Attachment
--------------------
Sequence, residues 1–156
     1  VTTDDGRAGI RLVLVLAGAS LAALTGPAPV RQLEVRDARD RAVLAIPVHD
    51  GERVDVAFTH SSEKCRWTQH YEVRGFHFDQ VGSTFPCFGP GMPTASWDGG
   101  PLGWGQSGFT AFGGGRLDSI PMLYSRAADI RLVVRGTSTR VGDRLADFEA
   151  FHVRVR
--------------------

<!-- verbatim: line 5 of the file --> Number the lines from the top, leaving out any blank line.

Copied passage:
   151  FHVRVR